Seeing is believing, and although the pamphlet lately published by Mr. Charles Francis Adams on the improvements which three years have made in the Quincy school system, gives many points for study, the conclusion of the whole matter can best be gained by seeing his results. So a seven thirty-five train carried me out this morning (from Boston] on the Old Colony road to the little town that will have to be re-christened. Indeed, its proper title now is the Mecca of school teachers, for the same morning train carries out parties of young teachers from Boston, sent out by their school directors to "see into" the new system which is beginning to be established in the primaries of the city; parties of New Yorkers and a few Philadelphians, all bent on" observing," which is the new way invented for teachers to learn. Arriving at Quincy just as the town clock was striking eight, and there being as yet no local guide book published for the town, I asked the first intelligent porter on the platform which was the way to the primary school, any primary. "That lady will tell you," pointing to a brisk young woman just taking her seat in one of the omnibuses, and who wore a white apron over her alapaca dress and carried an arm-full of books. [The teachers in Quincy, as I learned afterwards, are allowed to carry books, if they wish to.] “Yes,” she said, "on my errand being made known, "she could tell me something about the schools." "Which do you call the best ? " " There is no best," said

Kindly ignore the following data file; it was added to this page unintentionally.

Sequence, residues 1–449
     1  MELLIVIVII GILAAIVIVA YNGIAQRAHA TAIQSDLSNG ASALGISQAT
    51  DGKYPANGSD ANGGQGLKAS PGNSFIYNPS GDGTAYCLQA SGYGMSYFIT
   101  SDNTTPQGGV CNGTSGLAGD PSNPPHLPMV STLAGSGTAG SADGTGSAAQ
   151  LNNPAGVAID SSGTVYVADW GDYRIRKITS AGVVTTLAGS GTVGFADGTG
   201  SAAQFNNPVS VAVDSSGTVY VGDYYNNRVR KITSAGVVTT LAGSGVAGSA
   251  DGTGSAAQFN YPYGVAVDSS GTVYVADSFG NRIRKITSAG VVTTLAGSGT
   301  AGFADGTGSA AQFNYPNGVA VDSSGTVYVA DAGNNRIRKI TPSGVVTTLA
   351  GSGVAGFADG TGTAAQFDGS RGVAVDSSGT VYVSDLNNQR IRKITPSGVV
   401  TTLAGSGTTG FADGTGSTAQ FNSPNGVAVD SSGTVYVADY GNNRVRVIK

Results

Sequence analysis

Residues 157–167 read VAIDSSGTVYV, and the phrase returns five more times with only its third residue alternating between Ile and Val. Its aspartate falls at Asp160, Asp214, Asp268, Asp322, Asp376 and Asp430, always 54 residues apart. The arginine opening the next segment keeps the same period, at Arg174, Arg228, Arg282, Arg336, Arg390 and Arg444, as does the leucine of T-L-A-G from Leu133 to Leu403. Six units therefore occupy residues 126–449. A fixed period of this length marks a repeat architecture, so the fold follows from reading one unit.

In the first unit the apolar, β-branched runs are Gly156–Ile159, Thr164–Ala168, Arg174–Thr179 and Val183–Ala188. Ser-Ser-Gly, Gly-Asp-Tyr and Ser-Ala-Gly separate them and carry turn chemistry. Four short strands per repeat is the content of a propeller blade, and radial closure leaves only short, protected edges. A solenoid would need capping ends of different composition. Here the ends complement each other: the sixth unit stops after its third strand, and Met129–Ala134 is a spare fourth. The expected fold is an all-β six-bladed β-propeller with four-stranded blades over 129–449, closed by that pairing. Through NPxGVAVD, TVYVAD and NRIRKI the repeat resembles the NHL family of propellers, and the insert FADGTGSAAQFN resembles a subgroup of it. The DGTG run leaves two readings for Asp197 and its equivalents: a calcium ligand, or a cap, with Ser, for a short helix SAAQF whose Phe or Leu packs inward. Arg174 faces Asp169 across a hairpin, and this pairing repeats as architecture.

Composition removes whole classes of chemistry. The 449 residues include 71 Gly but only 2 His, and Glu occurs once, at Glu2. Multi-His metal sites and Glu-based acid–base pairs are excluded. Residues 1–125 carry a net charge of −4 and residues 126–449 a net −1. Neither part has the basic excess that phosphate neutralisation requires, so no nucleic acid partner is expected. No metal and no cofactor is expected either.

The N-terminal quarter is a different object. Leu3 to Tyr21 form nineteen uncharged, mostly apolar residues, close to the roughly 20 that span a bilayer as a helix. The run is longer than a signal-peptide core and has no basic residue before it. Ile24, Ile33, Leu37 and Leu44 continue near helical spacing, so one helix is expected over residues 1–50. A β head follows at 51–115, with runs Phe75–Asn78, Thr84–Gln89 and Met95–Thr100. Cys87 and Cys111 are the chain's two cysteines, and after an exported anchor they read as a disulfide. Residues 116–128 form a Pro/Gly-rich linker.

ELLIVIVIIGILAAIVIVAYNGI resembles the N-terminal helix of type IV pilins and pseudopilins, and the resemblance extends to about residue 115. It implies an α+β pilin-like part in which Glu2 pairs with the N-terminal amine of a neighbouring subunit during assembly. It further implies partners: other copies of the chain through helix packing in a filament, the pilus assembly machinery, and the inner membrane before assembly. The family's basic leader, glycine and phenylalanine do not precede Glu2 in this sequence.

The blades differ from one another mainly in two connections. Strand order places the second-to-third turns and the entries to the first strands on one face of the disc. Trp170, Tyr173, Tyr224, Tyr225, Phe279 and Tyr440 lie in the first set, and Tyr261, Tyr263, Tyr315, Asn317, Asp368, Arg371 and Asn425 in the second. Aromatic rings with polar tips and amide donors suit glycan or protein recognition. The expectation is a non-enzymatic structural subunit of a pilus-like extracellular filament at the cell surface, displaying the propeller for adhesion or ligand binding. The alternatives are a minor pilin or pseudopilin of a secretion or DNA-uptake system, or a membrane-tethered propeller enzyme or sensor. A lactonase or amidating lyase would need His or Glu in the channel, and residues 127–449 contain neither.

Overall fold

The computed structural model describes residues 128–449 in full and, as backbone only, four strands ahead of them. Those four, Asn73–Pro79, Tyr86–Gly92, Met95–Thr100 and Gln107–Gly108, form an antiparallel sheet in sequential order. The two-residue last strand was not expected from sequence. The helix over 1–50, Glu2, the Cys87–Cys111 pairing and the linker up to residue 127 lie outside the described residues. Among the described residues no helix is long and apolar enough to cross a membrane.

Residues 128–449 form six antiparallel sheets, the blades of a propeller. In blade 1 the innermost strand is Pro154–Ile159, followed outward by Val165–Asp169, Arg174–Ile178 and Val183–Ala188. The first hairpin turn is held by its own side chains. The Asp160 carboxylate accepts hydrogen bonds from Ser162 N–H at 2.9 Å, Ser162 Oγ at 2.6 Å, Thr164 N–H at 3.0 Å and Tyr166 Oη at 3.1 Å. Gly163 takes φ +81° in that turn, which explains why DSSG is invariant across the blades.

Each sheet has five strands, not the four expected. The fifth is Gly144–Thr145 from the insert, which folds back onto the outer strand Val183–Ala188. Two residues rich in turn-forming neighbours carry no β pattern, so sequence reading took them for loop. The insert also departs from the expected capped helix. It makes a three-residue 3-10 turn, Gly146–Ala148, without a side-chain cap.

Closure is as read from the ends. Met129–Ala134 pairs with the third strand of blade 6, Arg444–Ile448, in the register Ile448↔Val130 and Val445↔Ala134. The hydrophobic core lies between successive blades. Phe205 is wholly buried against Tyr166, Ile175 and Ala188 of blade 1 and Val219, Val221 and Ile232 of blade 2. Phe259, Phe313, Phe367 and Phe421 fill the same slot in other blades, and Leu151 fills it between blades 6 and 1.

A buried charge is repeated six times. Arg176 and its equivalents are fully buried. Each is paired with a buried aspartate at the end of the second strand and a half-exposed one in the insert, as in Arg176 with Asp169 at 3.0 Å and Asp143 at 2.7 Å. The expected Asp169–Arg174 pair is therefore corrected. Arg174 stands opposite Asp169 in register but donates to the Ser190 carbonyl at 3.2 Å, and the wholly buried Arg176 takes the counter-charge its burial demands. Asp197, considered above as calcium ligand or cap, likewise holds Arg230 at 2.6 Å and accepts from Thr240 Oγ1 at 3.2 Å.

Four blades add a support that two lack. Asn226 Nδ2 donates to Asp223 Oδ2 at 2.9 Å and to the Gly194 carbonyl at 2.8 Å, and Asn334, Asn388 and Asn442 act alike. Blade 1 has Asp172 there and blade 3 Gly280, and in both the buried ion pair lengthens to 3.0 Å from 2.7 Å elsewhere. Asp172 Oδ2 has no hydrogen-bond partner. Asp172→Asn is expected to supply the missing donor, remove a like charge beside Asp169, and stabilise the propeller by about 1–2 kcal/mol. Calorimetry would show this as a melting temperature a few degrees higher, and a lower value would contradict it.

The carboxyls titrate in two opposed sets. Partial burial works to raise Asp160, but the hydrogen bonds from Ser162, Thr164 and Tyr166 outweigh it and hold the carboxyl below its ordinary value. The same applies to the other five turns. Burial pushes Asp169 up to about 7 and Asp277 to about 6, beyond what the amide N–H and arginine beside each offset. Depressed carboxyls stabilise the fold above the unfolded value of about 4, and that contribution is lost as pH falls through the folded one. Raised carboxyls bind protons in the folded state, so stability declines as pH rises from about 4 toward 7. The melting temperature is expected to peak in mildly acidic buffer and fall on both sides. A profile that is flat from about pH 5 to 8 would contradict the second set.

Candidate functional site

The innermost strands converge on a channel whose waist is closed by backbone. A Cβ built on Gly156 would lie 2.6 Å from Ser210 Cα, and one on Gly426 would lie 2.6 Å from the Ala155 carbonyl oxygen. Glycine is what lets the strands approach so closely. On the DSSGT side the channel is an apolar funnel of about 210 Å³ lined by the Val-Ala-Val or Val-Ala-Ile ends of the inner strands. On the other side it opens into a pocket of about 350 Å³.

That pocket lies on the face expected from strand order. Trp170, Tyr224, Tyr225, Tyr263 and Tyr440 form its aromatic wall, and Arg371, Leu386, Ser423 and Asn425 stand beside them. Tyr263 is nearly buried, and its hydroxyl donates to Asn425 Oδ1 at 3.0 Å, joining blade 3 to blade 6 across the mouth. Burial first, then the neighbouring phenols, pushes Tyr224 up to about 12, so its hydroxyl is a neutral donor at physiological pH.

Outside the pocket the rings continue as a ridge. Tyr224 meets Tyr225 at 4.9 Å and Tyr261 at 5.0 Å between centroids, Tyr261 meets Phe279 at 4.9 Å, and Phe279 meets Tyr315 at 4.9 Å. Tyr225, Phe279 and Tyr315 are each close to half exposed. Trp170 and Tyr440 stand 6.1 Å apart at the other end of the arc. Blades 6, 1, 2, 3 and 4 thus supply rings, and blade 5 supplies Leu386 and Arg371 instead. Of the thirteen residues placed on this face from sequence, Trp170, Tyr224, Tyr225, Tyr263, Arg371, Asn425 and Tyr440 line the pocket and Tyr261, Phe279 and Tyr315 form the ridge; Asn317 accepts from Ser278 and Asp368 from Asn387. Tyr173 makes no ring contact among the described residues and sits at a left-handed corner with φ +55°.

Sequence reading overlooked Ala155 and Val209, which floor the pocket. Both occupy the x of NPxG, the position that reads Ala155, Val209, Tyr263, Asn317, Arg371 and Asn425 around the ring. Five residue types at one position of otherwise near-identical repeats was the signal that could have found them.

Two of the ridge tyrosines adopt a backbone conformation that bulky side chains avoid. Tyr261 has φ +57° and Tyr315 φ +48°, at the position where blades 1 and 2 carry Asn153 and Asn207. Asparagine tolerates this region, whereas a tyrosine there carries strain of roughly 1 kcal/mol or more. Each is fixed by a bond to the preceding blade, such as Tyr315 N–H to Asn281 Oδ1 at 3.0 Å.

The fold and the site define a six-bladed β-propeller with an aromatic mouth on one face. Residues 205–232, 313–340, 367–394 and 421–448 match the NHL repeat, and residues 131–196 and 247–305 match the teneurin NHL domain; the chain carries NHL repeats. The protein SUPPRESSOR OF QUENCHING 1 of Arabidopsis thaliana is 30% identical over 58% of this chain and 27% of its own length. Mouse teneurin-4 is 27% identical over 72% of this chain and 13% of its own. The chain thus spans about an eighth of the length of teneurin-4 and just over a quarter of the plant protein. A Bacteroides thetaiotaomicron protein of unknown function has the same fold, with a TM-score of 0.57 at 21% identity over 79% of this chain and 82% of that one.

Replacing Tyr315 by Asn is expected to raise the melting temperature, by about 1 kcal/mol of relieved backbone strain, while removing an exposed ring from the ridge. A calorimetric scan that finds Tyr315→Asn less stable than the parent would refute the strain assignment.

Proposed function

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the brisk young woman, they are all alike. I advise you to go to the Codington school, because it is nearest the station; otherwise I should be very glad to have you come to mine, but that is quite the farthest off and something of a drive."

So to the Codington school I went, though it might have been the Washington, or the Wollaston, or any others that were almost as near. The school house was locked, but there were at least fifty boys playing under the elms and maples, and presently little girls, walking decorously in twos, began to turn into the school enclosure. The boys were driving and tooting all over the yard, and the little girls were exceedingly “proper," which brings its own physiological comment with it. But there wasn't a school book to be seen. No satchels, no atlases nor books under the arm. You might have thought it was a holiday, but for the appearance of a sweet-eyed young lady, who was introduced by the chorus of boys to me as Miss Morse. To Miss Morse I stated my errand, and she was kind enough to make out a sort of time table for me that I might catch up in the different rooms

I as much of the day's doings as was possible before the noon bell and the noon train came along. In her room, which was the point of departure in the morning, and still before the nine o'clock bell had rung, I found a pupil teacher looking over the slates of her dictation exercise the day before, not marking the child for errors, but marking the errors for the child.